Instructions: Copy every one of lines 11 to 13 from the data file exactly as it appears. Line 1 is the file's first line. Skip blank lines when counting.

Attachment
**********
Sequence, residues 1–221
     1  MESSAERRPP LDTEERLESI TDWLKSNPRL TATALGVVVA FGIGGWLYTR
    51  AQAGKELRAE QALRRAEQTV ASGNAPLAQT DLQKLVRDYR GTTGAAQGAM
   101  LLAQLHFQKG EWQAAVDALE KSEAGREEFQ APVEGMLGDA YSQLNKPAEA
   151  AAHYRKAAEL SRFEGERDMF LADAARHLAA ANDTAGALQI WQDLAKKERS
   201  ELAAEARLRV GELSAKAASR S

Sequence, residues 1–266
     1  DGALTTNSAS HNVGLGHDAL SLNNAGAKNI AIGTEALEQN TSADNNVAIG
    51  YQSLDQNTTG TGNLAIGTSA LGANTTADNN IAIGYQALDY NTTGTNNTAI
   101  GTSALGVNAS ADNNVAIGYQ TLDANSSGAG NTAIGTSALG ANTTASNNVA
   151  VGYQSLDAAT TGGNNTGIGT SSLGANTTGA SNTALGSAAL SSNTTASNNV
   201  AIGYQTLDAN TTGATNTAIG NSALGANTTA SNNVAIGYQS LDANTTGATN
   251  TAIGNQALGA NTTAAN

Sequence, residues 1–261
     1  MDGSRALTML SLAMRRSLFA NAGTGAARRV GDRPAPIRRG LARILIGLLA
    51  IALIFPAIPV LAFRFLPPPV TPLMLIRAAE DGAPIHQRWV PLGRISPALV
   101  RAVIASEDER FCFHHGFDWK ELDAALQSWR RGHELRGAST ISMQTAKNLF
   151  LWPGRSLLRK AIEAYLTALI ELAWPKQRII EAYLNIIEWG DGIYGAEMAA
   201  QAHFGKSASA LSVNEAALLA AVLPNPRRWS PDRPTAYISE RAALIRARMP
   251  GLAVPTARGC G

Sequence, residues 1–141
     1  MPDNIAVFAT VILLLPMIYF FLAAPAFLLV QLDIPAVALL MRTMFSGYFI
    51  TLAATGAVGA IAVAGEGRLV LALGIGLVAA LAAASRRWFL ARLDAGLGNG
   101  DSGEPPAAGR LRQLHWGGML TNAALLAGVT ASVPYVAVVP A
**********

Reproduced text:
   151  VGYQSLDAAT TGGNNTGIGT SSLGANTTGA SNTALGSAAL SSNTTASNNV
   201  AIGYQTLDAN TTGATNTAIG NSALGANTTA SNNVAIGYQS LDANTTGATN
   251  TAIGNQALGA NTTAAN